Regional Haze Plan Calls for Earlier Retirement for Colorado Coal-Fired Power Plants
Coloradans will breathe cleaner air as a result of the Air Quality Control Commission’s (AQCC) approval today of the state’s regional haze plan, with modifications proposed by the Sierra Club and the National Parks Conservation Association (NPCA).
By pushing up the retirement dates for some coal plants to the end of 2028, the AQCC will reduce pollution contributing to haze at Colorado’s national parks and other public lands. And there will also be other important benefits: helping the state achieve greenhouse gas emission reductions mandated by last year’s climate legislation, HB 19-1261; improving public health by cutting pollutants linked to a host of respiratory and other illnesses; and saving Colorado utility customers millions of dollars.
The Air Pollution Control Division originally proposed setting enforceable retirement deadlines for eleven coal-fired electric generating units, a gas unit, and a coal mine earlier than previously planned. While this was positive news, the Commission made the plan even better by accelerating the closure dates for some of the largest and most polluting coal plants in the State.
The Commission voted to accelerate the closure dates for the Craig 3, Rawhide, and Nixon coal-fired power plants to no later than December 31, 2028. The Commission deferred action on the Hayden coal plant, but signaled that it is interested in having the Hayden plant retire no later than the end of 2028. It is estimated that retiring all five of these units by December 31, 2028 would save Coloradans approximately $68 million, while reducing NOx by 10,000 tons, SO2 by 12,000 tons, and CO2 by more than 19.4 million tons more than the Division’s originally-proposed closure dates.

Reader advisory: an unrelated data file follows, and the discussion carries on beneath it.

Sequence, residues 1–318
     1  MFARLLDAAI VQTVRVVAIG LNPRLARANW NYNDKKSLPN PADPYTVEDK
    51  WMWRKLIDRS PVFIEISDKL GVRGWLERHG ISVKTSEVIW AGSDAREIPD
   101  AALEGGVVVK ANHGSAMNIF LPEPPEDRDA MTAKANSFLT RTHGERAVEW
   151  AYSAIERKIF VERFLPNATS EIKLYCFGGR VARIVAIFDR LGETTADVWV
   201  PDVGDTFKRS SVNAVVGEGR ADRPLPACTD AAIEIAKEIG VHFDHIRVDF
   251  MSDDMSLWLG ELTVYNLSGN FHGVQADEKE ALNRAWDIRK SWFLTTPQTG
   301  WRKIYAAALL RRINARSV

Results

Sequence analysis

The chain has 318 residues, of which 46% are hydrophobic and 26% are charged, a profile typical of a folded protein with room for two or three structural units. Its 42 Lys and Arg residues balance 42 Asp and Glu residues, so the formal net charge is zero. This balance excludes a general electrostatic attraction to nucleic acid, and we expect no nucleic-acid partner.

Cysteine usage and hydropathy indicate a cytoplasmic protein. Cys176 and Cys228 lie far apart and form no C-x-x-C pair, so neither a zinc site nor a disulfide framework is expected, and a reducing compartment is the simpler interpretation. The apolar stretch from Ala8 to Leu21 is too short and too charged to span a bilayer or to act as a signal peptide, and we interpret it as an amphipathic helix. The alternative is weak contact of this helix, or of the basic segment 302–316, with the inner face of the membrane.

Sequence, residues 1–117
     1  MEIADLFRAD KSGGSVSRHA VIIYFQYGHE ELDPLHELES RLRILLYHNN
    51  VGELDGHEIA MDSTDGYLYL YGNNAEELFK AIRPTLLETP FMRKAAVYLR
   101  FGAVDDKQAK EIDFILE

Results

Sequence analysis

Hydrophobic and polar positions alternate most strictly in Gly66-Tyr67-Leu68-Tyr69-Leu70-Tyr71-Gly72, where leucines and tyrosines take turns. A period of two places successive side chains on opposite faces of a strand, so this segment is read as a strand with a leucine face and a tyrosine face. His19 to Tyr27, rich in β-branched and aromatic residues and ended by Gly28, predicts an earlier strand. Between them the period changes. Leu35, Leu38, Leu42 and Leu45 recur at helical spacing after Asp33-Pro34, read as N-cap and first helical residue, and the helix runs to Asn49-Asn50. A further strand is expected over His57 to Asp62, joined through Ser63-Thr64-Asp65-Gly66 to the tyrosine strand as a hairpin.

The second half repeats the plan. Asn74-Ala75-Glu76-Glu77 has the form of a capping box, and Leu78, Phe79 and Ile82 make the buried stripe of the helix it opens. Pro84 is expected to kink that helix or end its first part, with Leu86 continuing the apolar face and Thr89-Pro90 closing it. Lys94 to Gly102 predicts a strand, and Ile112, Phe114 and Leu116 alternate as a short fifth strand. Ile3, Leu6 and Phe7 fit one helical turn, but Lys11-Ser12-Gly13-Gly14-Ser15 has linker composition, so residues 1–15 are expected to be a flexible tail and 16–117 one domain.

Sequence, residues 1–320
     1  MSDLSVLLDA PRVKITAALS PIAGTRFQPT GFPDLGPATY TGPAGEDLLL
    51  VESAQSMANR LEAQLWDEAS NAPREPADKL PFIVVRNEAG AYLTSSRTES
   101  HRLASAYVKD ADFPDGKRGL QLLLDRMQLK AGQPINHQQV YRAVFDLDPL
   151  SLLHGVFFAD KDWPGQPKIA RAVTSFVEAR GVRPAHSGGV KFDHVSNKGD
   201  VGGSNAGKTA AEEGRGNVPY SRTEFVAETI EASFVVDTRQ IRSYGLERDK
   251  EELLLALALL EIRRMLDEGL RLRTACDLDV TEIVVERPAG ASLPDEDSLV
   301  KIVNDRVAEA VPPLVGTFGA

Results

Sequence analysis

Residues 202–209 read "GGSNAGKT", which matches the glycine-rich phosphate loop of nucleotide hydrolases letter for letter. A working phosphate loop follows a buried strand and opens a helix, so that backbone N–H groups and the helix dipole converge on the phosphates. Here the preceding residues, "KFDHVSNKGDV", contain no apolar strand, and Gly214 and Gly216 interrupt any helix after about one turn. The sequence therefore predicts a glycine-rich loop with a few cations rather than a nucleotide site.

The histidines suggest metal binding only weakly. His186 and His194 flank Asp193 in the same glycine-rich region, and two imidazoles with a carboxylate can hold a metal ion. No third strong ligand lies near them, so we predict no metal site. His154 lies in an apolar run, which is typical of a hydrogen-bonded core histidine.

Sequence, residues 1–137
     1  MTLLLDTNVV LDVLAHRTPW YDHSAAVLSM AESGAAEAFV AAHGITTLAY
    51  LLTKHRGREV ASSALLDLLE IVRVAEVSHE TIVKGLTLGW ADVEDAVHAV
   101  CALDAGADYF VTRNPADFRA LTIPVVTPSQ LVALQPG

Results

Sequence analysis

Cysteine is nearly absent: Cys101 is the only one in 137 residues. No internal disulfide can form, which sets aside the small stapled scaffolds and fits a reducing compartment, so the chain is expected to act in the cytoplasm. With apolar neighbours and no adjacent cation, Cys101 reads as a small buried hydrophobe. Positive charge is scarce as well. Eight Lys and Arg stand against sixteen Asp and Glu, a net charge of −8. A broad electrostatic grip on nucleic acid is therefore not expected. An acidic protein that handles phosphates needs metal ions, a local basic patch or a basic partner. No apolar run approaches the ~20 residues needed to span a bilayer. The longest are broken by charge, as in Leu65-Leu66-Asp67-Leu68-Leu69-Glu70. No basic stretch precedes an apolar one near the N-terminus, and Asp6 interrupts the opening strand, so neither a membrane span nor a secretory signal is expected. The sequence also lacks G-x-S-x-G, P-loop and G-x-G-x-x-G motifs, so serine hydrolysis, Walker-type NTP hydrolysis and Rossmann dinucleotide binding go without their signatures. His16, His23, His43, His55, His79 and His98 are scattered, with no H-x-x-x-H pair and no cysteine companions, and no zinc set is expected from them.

The Commission voted today to take preliminary final action, and will vote at its next meeting to finalize the action it took today.
“This is undoubtedly a win-win-win situation,” said Michael Hiatt, a staff attorney at Earthjustice’s Rocky Mountain office. “Retiring these five coal units early will reduce air pollution at Colorado’s national parks, help Colorado achieve its climate goals and save Coloradans millions of dollars.”
“The Commission should be applauded for taking this critical step to improve air quality and reduce climate change,” said Matthew Gerhart, a staff attorney at Sierra Club. “The Commission’s decision today will speed up the transition away from highly polluting coal plants toward cleaner energy.”
“The pollution caused by these coal-fired power plants degrades the air quality within Colorado’s national parks and is one of the most dire threats facing these treasured landscapes,” said Tracy Coppola, Colorado Program Manager for the NPCA. “Bringing forward the retirement of these harmful facilities will stop this pollution at the source, move our state closer toward achieving its climate action plan goals, and will greatly improve Colorado’s national parks and public health.”
Amendments to the U.S. Clean Air Act passed in 1977 require states to create plans to protect visibility at national parks and other public lands and to revise them periodically to ensure that goals are being met. The AQCC was considering revisions for the regional haze program’s second implementation period, which ends on December 31, 2028.
Last year, the Colorado Legislature passed H.B. 1261, mandating steep cuts to greenhouse gas emissions by 2050. The AQCC’s decision will help the state meet the interim goal of cutting emissions by 50% of 2005 levels by 2030.
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